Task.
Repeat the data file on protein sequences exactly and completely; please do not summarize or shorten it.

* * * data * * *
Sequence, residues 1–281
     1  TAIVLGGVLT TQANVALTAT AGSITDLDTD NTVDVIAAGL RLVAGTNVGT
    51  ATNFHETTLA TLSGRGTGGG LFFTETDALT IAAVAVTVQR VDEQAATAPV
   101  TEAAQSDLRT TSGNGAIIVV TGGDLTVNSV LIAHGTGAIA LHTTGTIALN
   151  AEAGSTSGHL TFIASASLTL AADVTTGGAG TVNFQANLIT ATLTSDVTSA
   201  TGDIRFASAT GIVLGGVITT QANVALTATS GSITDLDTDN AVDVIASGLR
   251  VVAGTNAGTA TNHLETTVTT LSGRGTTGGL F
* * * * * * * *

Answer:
Sequence, residues 1–281
     1  TAIVLGGVLT TQANVALTAT AGSITDLDTD NTVDVIAAGL RLVAGTNVGT
    51  ATNFHETTLA TLSGRGTGGG LFFTETDALT IAAVAVTVQR VDEQAATAPV
   101  TEAAQSDLRT TSGNGAIIVV TGGDLTVNSV LIAHGTGAIA LHTTGTIALN
   151  AEAGSTSGHL TFIASASLTL AADVTTGGAG TVNFQANLIT ATLTSDVTSA
   201  TGDIRFASAT GIVLGGVITT QANVALTATS GSITDLDTDN AVDVIASGLR
   251  VVAGTNAGTA TNHLETTVTT LSGRGTTGGL F